In either case, you’ll find yourself being ultra-productive because you’veyou’re yourself up for success (Steps 1 through 7) and now you’ve dealt with your stress the right way for you personally. Once you’ve been ultra-productive for awhile…

  1. Finish strong.

Write that last chapter with zeal. Type that concluding paragraph with gusto. Compose those final song lyrics and notes with fire shooting from your fingertips.

In other words, don’t tank at the end. Why give yourself something to stress out about tomorrow if you can help it? The point here is to finish if you’re close. Power through to the end if you can. If not, don’t sweat it, and when you’re done…

  1. Make a break for it.

Regardless of whether you’ve got more to do or if you finished, take a break. During this break, your task is simple: celebrate.

You’ve got to expend your extra energy somehow. Sometimes it’s through celebration, other times it’s through relaxation. Depends on your mood.

Those are the 10 Steps. But sometimes you may find that those steps aren’t enough. In that case, I recommend that you venture outside the 10 Ssteps to something I like to call…

Step 0: Delegate.

You don’t have to do everything. You have lots of choices in life. Someone else can dot he dishes every now and then. Hire a service to mow your lawn. Have the kids or your spouse vacuum the living room carpet or take out the trash.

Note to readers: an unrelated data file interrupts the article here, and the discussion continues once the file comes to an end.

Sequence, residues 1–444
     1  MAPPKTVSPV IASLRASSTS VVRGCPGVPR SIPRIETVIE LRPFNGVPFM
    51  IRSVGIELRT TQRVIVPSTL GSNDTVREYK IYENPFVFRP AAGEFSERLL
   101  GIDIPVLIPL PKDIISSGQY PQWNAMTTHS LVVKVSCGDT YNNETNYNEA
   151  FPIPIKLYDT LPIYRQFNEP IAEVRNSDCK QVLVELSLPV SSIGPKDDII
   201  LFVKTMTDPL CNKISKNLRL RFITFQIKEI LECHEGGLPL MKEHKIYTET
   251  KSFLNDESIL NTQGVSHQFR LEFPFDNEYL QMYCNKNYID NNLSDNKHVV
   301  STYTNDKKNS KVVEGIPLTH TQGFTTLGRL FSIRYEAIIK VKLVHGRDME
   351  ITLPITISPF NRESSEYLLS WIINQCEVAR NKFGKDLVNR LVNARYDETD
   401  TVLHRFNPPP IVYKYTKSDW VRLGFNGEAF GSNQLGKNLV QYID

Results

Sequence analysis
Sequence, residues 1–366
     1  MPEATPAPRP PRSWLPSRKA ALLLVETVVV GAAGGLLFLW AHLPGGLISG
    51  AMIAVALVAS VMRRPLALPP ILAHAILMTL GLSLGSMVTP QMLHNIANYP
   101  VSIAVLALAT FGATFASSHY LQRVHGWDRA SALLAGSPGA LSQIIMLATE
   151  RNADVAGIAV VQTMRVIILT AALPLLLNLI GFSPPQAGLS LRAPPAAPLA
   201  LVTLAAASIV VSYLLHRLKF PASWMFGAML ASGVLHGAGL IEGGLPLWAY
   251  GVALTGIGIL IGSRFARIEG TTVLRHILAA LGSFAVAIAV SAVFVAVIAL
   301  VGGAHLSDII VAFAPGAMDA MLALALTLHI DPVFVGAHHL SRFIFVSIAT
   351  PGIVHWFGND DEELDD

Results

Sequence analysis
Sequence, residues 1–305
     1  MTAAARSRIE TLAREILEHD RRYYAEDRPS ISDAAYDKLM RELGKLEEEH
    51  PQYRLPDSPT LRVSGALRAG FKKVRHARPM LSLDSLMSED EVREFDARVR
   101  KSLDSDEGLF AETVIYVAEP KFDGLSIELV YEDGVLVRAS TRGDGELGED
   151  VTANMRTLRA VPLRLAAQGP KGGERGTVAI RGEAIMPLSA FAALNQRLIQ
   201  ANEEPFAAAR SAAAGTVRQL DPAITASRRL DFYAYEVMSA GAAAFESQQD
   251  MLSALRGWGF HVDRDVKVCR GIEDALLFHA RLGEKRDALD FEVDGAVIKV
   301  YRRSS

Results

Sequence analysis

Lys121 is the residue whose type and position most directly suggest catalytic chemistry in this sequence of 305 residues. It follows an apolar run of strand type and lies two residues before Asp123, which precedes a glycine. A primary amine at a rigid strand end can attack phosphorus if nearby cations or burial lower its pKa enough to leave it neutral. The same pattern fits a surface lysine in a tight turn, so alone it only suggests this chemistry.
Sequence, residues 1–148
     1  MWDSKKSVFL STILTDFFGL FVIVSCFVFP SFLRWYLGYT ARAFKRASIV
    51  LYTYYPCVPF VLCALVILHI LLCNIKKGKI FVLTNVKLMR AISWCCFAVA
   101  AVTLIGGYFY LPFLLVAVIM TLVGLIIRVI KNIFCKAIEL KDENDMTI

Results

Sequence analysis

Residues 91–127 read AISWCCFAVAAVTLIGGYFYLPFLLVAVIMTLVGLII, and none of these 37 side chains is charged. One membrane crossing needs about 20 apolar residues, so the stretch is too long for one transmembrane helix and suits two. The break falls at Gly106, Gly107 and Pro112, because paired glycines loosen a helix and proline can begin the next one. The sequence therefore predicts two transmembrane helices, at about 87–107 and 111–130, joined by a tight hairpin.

Yes, everyone’s circumstance is different, but if this is your career choice and not just a hobby, isn’t it worth investing a bit of money and/or energy in carving out more time in your busy schedule to write?

If you can delegate something—anything—to someone you trust, then do it. It will give you freedom to do the other things you need to do, which means more efficiency and less stress.

If delegation and the ten steps still aren’t enough, it may be time to cut something out of your life. Our time on this planet is limited. Use the principles in Step 4 and figure out if something’s got to go.

There you have it. What are you waiting for? Start these 10 Steps today and get writing!

__________________

Come meet Ben Wolf at the 43rd annual Mount Hermon Christian Writers Conference, March 18-22, 2016.

Click here to Register!

WHAT’S TIMING GOT TO DO WITH FINDING AN AGENT?

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Jessie Kirkland stripeBLOGGER: JESSIE KIRKLAND

A Literary Agent with The Blythe Daniel Agency, Jessie will teach two Afternoon Workshops, review Pre-Conference Manuscript Submissions, and meet with writers at the 2016 Mount Hermon Christian Writers Conference, March 18-22.

WHAT’S TIMING GOT TO DO WITH FINDING AN AGENT?

Watch photo

Poor timing could sabotage your ability to snag an agent. Some writers can’t get an agent because their craft still needs work. Other writers fail to come up with a unique idea that helps them stand out amongst the competition. However, many writers have put in the time and hard work necessary to get published, and they are still empty-handed when it comes to signing with an agent. For some of those talented writers, it simply comes down to poor timing. So, how does timing affect the “yes” you so badly want and need from an agent?